Paediatric obsessive-compulsive disorder, a neurodevelopmental disorder? Evidence from neuroimaging

C. Huyser, D.J. Veltman, E. Haan, F. Boer

Research output: Contribution to journalArticleAcademicpeer-review

Abstract

Objective: To present an overview of neuroimaging data on paediatric obsessive-compulsive disorder (OCD) and discuss implications for further research. Method: Medline PsycINFO databases and reference lists were searched for relevant articles. All neuroimaging studies up to October 1, 2008 involving children and adolescents with obsessive-compulsive disorder were included. Results: Twenty-eight neuroimaging studies using various neuroimaging techniques (CT (2) MRI (15) MRS (8) and SPECT (2) fMRI (2) but no PET or DTI) including a total of 462 paediatric patients were identified. A number of findings indicate a dysfunction of the prefrontal-striatal-thalamic circuit with the involvement of other basal ganglia structures (putamen globus pallidus) and the thalamus in contrast to adult studies which report mainly involvement of the caudate nucleus and orbitofrontal cortex. Several findings point at an aberrant development of the brain in paediatric OCD, patients when compared with healthy controls. Conclusion: Neuroimaging studies have contributed to our understanding of the neurobiological basis of paediatric OCD. This review provides an agenda for further theory driven research in particular aimed at identifying a critical window of abnormal maturation of prefrontal-striatal-thalamic and limbic circuitry in paediatric OCD patients. (C) 2009 Elsevier Ltd. All rights reserved
Original languageUndefined/Unknown
Pages (from-to)818-830
JournalNeuroscience and Biobehavioral Reviews
Volume33
Issue number6
DOIs
Publication statusPublished - 2009

Cite this

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title = "Paediatric obsessive-compulsive disorder, a neurodevelopmental disorder? Evidence from neuroimaging",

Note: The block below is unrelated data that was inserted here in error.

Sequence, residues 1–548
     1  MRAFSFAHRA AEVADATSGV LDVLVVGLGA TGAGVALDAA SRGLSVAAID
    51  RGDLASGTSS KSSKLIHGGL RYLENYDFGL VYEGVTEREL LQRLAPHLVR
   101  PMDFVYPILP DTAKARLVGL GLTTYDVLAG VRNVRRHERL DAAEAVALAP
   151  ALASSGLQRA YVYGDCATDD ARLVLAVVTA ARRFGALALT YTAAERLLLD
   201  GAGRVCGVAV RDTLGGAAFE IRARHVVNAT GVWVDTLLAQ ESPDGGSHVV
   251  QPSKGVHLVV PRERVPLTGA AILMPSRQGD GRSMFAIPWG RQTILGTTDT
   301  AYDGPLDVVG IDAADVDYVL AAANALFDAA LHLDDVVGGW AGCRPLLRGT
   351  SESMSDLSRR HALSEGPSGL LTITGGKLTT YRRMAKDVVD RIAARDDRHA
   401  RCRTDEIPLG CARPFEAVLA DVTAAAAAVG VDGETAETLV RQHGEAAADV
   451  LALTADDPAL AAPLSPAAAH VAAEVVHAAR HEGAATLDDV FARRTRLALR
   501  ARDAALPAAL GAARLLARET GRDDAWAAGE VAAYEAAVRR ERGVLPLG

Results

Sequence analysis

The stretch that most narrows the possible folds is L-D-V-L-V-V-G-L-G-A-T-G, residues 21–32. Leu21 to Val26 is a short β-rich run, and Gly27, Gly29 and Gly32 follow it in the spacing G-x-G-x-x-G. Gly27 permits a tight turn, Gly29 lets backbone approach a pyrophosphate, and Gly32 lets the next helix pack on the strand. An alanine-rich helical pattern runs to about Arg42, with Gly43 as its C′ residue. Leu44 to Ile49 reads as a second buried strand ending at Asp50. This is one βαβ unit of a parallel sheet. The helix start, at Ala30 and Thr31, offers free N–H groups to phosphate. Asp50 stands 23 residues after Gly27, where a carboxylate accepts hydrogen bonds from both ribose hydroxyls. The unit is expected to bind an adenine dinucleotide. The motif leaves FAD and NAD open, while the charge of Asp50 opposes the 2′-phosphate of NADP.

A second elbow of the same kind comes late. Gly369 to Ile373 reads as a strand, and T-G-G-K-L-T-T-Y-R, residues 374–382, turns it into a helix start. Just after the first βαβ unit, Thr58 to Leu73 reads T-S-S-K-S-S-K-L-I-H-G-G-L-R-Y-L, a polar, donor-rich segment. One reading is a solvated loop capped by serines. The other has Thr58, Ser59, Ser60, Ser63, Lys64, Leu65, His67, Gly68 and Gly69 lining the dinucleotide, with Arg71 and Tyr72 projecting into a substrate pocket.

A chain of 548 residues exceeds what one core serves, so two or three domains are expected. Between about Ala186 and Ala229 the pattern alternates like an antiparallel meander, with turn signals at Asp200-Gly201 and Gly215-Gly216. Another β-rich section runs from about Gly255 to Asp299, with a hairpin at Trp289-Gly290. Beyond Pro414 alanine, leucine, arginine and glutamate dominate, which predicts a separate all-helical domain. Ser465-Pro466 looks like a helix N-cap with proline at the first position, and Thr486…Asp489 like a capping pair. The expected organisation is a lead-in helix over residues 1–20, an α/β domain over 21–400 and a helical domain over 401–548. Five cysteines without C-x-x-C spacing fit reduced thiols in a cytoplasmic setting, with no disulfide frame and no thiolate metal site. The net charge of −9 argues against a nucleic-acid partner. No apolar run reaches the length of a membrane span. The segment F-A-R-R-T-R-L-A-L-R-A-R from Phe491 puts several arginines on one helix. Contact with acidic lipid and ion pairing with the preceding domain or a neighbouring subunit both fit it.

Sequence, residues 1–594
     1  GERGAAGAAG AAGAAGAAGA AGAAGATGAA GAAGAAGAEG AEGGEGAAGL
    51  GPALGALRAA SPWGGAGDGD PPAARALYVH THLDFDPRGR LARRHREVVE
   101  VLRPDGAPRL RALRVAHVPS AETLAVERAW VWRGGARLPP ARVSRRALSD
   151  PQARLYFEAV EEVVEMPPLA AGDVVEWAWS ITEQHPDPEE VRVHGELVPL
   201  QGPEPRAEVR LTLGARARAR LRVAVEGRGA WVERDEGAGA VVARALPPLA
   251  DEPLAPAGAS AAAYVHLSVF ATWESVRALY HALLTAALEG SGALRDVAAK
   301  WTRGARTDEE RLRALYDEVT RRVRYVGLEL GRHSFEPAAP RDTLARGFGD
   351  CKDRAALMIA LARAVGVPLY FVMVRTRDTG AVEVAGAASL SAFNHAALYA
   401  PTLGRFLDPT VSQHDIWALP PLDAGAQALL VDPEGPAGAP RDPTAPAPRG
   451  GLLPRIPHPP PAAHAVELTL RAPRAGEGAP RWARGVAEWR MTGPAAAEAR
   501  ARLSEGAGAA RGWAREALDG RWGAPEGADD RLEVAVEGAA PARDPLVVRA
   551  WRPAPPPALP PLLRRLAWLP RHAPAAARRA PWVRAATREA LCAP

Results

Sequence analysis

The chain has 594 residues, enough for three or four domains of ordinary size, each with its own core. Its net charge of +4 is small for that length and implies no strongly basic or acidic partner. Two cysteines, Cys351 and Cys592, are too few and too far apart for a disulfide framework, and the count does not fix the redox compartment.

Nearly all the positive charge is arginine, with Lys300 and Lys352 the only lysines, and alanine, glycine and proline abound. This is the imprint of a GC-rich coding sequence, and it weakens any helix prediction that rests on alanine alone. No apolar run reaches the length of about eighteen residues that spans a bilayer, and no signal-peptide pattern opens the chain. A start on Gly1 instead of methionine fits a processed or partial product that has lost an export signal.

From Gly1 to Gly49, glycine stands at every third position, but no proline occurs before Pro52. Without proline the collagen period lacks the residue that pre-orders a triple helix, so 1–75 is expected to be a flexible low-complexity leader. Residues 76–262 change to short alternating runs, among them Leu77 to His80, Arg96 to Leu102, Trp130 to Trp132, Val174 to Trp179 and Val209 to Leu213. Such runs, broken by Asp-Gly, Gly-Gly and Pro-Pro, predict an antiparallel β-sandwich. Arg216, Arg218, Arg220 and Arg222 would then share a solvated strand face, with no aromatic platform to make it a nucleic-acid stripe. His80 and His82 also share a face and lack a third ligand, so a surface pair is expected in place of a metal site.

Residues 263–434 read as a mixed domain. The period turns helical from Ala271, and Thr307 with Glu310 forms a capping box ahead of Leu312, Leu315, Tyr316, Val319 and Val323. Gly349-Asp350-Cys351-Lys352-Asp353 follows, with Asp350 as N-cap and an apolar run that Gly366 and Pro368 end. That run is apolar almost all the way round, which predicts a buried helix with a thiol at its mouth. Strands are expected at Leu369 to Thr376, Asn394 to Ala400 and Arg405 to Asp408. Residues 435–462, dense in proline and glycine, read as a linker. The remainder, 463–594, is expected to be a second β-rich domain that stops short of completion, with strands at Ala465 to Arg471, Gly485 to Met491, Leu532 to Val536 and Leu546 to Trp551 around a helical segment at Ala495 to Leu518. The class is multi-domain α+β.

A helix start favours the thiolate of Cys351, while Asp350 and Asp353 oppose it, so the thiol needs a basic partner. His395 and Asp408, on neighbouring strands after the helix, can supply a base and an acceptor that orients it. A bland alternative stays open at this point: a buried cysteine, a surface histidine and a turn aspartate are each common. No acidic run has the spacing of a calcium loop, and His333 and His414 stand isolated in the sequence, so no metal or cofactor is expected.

abstract = "Objective: To present an overview of neuroimaging data on paediatric obsessive-compulsive disorder (OCD) and discuss implications for further research. Method: Medline PsycINFO databases and reference lists were searched for relevant articles. All neuroimaging studies up to October 1, 2008 involving children and adolescents with obsessive-compulsive disorder were included. Results: Twenty-eight neuroimaging studies using various neuroimaging techniques (CT (2) MRI (15) MRS (8) and SPECT (2) fMRI (2) but no PET or DTI) including a total of 462 paediatric patients were identified. A number of findings indicate a dysfunction of the prefrontal-striatal-thalamic circuit with the involvement of other basal ganglia structures (putamen globus pallidus) and the thalamus in contrast to adult studies which report mainly involvement of the caudate nucleus and orbitofrontal cortex. Several findings point at an aberrant development of the brain in paediatric OCD, patients when compared with healthy controls. Conclusion: Neuroimaging studies have contributed to our understanding of the neurobiological basis of paediatric OCD. This review provides an agenda for further theory driven research in particular aimed at identifying a critical window of abnormal maturation of prefrontal-striatal-thalamic and limbic circuitry in paediatric OCD patients. (C) 2009 Elsevier Ltd. All rights reserved",